In my last post, I laid out what I plan to do for the next 30 days. Before we begin, I think it bears a few words about how I decided on the gun I’ll carry, as well as my criteria, as this may have some bearing on your own decisions, if you’re evaluating the same question.
Let’s set the WABAC Machine to 2007, when I first began thinking about “Condition Yellow” and pro-actively protecting my family. As is my habit (and a family tradition), I started by doing a lot of reading. That turned out to be both a good and a bad thing. You see, guns are one of those things that evoke passion on the part of their owners. Much like the kind of “spirited” emotions you’ll see exhibited between aficionados of Ford vs. Chevy vs. Dodge pickups, the “best gun” is a loaded question. Pardon the pun. (Hey…at least gun fanboys don’t drive around with vinyl cutouts of Calvin peeing on some gun manufacturers logos. Yet.)
So my thought process back then went like this: I’m a big guy – 6’4″, around 240 lbs. (on a good day). I can handle a big gun, both from a shooting and a carry perspective. So I don’t need to worry about some little mouse gun. I want some stopping power, baby! But I’m also not into ostentation or bling, so I had no interest in something like a .50 cal Desert Eagle. I’m big on tradition in just about everything (I play a drumset that has achieved vintage status not through buying old drums, but by buying new drums and holding onto them for 30 years.) If you keep something long enough, it’s almost bound to come back into style.
One of the things that instantly appealed to me was the 1911. Hailed by many as the ne plus ultra of handguns, it boasts a combination of classic looks, stopping power, and a rich history (Browning, WWII service, et all). But a lot of people I talked to also gave props to the Glock and other polymer pistols. I quickly discovered that reading alone would not be enough. Off to the range!
I hope your first experience at a gun range is more positive than mine. Dirty. Cluttered. Dank. Dimly-lit. And that was the showroom of the store I had to go through to get TO the range. Did I mention the lack of adequate ventilation? But they did have a couple of advantages: they were the only commercial gun range in town, and they had pistols to rent. The proprietors (wisely) directed me to a ubiquitous .22LR pistol, and gave me about an hour’s worth of instruction on the safe handling, loading, reloading, stance and aiming of the pistol. After three trips to the range for practice, I was ready for something a little more robust.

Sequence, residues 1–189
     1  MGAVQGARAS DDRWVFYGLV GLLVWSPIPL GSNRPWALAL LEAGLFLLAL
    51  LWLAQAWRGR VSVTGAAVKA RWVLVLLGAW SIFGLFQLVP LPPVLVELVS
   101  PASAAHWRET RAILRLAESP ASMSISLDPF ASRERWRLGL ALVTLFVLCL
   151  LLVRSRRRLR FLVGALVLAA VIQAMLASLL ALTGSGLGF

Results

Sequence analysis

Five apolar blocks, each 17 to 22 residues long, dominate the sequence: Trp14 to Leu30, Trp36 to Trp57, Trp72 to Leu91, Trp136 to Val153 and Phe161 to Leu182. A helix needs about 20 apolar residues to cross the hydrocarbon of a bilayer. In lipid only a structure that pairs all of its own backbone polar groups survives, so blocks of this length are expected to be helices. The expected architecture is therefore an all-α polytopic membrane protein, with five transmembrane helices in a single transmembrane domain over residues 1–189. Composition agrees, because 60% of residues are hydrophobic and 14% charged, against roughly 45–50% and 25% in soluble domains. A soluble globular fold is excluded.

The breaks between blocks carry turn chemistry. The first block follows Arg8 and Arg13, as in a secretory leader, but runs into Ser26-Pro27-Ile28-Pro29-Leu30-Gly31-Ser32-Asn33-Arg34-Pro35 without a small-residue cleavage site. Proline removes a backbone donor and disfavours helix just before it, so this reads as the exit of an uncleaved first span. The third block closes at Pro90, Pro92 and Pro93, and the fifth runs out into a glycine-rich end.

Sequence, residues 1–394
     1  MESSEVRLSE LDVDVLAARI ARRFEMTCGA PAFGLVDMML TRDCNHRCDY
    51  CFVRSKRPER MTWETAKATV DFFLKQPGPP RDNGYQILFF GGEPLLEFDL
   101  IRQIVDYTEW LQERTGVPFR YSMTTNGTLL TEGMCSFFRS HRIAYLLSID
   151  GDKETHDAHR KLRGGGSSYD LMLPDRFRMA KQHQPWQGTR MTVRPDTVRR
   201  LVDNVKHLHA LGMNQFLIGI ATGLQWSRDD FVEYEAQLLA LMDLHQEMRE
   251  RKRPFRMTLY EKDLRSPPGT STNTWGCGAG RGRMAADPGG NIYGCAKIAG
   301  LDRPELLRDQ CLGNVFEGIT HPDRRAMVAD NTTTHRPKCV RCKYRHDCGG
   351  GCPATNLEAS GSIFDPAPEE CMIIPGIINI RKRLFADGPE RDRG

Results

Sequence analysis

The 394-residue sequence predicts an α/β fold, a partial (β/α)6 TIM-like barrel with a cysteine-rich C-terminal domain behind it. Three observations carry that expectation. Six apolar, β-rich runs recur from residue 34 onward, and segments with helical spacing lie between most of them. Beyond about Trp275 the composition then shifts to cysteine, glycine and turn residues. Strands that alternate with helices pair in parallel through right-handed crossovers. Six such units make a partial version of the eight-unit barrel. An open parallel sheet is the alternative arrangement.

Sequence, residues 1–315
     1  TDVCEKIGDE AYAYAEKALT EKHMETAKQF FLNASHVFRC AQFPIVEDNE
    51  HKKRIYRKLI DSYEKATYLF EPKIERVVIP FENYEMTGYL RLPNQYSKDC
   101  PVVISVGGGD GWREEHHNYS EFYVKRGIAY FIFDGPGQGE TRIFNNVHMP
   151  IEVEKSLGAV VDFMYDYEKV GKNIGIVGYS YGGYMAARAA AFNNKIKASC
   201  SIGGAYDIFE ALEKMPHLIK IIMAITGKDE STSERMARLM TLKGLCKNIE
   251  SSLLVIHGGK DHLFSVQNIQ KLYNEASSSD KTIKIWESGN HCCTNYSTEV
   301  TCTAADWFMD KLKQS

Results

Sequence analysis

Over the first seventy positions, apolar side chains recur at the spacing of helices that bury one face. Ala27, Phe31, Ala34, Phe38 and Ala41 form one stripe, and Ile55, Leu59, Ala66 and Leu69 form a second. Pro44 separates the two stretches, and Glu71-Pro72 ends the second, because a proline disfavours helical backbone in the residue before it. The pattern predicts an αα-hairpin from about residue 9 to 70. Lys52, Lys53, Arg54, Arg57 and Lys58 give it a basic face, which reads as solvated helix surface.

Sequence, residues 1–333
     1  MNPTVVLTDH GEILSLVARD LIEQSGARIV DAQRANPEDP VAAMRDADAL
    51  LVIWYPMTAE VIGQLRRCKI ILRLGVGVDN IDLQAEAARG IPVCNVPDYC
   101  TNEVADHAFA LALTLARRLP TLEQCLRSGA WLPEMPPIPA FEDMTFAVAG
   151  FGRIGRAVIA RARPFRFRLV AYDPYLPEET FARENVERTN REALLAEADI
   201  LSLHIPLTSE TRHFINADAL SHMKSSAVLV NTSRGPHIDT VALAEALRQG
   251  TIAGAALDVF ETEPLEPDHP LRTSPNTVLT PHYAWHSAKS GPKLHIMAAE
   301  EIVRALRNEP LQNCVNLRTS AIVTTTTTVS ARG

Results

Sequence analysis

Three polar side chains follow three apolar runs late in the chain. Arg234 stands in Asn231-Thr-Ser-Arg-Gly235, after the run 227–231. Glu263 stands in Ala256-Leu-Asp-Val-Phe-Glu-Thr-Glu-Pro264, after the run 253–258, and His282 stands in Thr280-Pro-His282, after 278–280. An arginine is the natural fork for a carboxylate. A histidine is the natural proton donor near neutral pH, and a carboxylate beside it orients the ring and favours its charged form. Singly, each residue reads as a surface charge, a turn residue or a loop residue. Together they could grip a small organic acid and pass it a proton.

The gun guys at the range recommended I move to a 9mm. Nope. I was ready for the big time – the classic .45 caliber ACP. (You might ask at this point, why I didn’t consider a wheelgun. Simply put, in Texas, if you qualify for your CHL with a semi-automatic pistol, you’re licensed to carry either revolver or pistol. If you qualify with a revolver, that’s all you can carry.)
The range handed me a Kimber with a steel frame and 5 in. barrel. I don’t remember which model, but it had an adjustable rear sight, so we’ll assume it was a model designed for competitive shooting. Nice pistol. Woulda been nicer if they’d run a bore snake through it occasionally. Apparently, the owner felt that his guns and his store deserved the same amount of attention to cleanliness.
At any rate, I made the transition to .45 ACP without so much as a hitch. The next visit, I shot a Glock. I found that the 1911 felt better in my hand than did the Glock. Now I’m not gonna get into single- versus double-stack, polymer versus steel, or the whole Glock cant thing. Not important, and these issues are a VERY personal choice. Think of it as choosing something you’re gonna wear all the time, like a watch or a wallet. I gravitated towards the mystique of the 1911 like moth to flame. Of course, turns out I have expensive tastes in guns, just like I do in most things. Average price of a polymer pistol? $500. Average price of a decent 1911? Double that. Sheesh…